'I'll be bringing a highpoint to school to shoot the kids that annoy me and I'm explaining how I'm going to do it,' the post said
CHICAO (WLS) -- A person threated to shoot students at Lincoln Park High School through a social media post, the Chicago Police Department said Wednesday.
"I'll be bringing a highpoint to school to shoot the kids that annoy me and I'm explaining how I'm going to do it," the Instagram post said.
The person said they would bring a gun to school on Friday and "shoot up LPHS," according to a screenshot provided by Chicago police. The post told others to "warn [their] friends," saying "idc who you are."
The person who made the threat said they would arrive at school late so they could "pass through the metal detectors without opening [their] bag." They planned to go to the teachers' bathroom to load the gun and "start from there."
The person said they would then go through a sewer tunnel open due to construction and leave bag there with clothes to change into so they wouldn't be recognized after the shooting.
"They will never know," the social media post said.
The high school's principal, Dr. Eric Steinmiller, issued a statement to parents Wednesday. He said the school will be taking extra safety precautions during classroom transitions and at dismissal. Doors not used for entry or transition will have their alarms active, he said.
"We have been made aware of a social media threat against LPHS. We take all threats extremely seriously and have followed CPS protocol by immediately contacting the district's Office of Safety and Security," Steinmiller said. "If anyone is made aware of threats to our school, we ask that you please do not spread rumors online, and instead contact us immediately so that the threat can be investigated."
Police did not provide further information about the threat.
In December, an unfounded threat of school violence spread on social media app TikTok prompted several Chicago area school districts to respond. TikTok announced updates to the app Wednesday they said will expand upon types of content that will be removed from the platform.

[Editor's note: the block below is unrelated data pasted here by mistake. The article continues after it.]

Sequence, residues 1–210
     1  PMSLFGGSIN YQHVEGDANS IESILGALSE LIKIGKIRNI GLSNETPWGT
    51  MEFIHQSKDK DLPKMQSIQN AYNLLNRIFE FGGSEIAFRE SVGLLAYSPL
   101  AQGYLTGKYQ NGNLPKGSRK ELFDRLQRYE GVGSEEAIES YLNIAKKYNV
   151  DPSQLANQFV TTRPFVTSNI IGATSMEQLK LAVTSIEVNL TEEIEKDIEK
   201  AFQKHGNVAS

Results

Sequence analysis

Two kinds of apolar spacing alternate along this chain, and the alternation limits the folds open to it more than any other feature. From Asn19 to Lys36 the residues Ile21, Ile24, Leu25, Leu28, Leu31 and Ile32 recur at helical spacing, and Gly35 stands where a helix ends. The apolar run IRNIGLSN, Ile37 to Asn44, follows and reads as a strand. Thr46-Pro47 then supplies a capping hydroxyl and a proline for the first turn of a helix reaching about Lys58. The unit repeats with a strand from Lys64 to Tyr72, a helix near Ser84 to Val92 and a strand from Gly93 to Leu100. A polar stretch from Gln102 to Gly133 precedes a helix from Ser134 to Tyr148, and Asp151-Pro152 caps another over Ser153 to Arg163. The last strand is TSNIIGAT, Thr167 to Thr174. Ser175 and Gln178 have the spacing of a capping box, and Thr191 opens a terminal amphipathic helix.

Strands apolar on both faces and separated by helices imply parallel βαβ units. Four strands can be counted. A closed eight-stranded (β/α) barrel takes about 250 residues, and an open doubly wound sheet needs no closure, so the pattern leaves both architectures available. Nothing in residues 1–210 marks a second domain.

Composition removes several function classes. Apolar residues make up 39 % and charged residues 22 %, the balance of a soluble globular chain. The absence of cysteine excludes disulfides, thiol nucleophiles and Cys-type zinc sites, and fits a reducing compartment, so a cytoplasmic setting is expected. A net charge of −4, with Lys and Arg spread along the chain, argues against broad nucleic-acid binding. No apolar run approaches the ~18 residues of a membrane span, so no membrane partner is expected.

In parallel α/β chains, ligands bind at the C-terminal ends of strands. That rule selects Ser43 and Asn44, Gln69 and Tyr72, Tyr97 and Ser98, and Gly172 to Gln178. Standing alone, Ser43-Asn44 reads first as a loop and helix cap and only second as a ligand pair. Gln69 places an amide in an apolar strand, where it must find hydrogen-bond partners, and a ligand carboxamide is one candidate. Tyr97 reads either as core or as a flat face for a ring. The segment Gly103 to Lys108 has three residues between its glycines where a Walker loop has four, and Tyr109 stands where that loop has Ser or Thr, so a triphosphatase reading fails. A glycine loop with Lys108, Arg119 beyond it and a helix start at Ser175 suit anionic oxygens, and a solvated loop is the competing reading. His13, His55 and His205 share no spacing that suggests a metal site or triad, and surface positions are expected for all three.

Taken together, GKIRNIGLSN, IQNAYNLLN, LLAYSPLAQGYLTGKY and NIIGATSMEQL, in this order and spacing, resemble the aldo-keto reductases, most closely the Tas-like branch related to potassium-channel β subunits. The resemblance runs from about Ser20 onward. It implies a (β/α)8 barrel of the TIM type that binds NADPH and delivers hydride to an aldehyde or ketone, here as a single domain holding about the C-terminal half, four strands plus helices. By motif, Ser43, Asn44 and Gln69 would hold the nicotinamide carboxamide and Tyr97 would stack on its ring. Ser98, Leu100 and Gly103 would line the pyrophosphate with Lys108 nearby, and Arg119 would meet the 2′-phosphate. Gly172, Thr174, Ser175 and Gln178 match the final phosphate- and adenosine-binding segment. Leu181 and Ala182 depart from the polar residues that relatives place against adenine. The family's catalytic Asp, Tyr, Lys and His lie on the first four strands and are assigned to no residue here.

State Sen. Elgie R. Sims, Jr., D-Chicago, has moved legislation to establish the Safe 2 Help Program, a hotline designed to receive reports from the public regarding potential self-harm or criminal acts directed at schools, students or school employees.
"We cannot wait for another tragic event to happen in our schools," said Sims. "This is a key step in the intervention process that will not only protect our students from planned attacks but will also help develop police-community relations."
Senate Bill 3936 passed through the Senate Education Committee Tuesday and awaits further consideration.
The Gary Community School Corporation announced Wednesday it added new measures to increase safety and security in schools.
Those measures include increasing local law enforcement's access to school buildings footage, requiring staff to wear ID badges and checking in visitors through a safe visitation system. The GCSC also announced additional crisis intervention trainings and required safety meetings for staff and security. To include families, the security team also hosts safety meetings to build better relationships between law enforcement and residents.
"As the district continues to improve, security remains a top priority," said Colonel Richard Ligon, GCSC security team co-director. "We are exhausting every option because our students, staff and visitors deserve to feel safe every time they come to a school building."